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Benzyl butyl phthalate

BBP, Phthalic acid-butyl-benzyl ester, Butyl benzyl phthalate

SPRI Emission Reporting Threshold
10.0 Kg/yr Pollutant Emissions to Air
0.1 Kg/yr Pollutant Emissions to Water
0.1 Kg/yr Pollutant Emissions to Waste Water
Disclaimer
This sheet is a generic summary, designed to give the reader a basic level of background information about the substance in question. Great care has been taken to represent as effectively and correctly as possible the broad range of (not necessarily consistent) information which is available from a variety of sources. The reader must accept therefore that this sheet has no legal status and cannot be relied upon in any legal proceedings. SEPA disclaims any responsibility or liability whatsoever for errors and omissions in this sheet.
What is it?
At room temperature, Benzyl butyl phthalate (BBP) is a clear, oily liquid or solid which has a slight smell. It has a boiling point of 350 degrees celsius and does not evaporate easily. BBP does not dissolve in water, but mixes well with most organic (carbon-containing) solvents.
What is it used for?
BBP is added to plastics, particularly PVC. These plastics used to make a variety of products, such as flooring tiles, car trims and dashboards, artificial leather and conveyer belts. It is also added to some adhesives.
Where does it come from?
Releases of BBP occur from industry producing or using it and from the use and disposal of products containing it. The most significant type of release is from landfills to soils and sometimes water bodies. Only trace amounts of BBP are found in the air. There are not thought to be any natural sources of BBP to the environment.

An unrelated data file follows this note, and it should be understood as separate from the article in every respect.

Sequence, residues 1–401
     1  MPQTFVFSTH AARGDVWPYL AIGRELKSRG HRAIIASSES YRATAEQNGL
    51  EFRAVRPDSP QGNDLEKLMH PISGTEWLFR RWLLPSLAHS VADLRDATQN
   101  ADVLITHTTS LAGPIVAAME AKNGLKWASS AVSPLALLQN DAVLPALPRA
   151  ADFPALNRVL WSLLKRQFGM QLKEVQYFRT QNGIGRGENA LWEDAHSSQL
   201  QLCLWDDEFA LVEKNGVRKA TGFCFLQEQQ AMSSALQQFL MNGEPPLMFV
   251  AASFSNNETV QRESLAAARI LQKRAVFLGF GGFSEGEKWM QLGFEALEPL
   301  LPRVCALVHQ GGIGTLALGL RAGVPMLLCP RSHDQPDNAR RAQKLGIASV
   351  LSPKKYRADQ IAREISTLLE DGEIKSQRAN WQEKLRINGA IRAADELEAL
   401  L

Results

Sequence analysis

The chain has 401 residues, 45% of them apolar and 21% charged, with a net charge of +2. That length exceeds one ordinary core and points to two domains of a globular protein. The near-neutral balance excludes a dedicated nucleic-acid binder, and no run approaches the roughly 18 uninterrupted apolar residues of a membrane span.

How might it affect the environment?
In common with other phthalate chemicals, BBP persists for long periods of time in the environment and can be accumulated by some plants and animals exposed to it. There is evidence to suggest that BBP mimics the behaviour of animal hormones, that it is an "endocrine disruptor". It is therefore possible that the presence of BBP in the environment poses a long-term threat to wildlife on both a local and global scale.
How might exposure to it affect human health?
Benzyl butyl phthalate can enter the body either by inhalation of air containing benzyl butyl phthalate, ingestion of contaminated food or water, or by dermal contact with benzyl butyl phthalate or products containing benzyl butyl phthalate. Inhalation of air containing benzyl butyl phthalate may cause irritation of the respiratory tract. Ingestion of benzyl butyl phthalate may result in irritation of the oesophagus. Dermal contact with benzyl butyl phthalate may cause skin irritation. There is little evidence as to the full effects of exposure to benzyl butyl phthalate on human health. The International Agency for Research on Cancer has designated benzyl butyl phthalate as being not classifiable as to its carcinogenicity to humans. However, exposure to benzyl butyl phthalate at normal background levels is unlikely to have any adverse effect on human health.
What steps are being taken to limit the potential impacts?
BBP is listed as a priority substance for risk assessment under EC law (793/93/EEC) and hence is subject to related risk reduction strategies. It is also listed as a priority substance for the EC Water Framework Directive. Internationally, it is listed as a candidate substance for inclusion in the OSPAR Convention which protects the marine environment of the north-east Atlantic Ocean.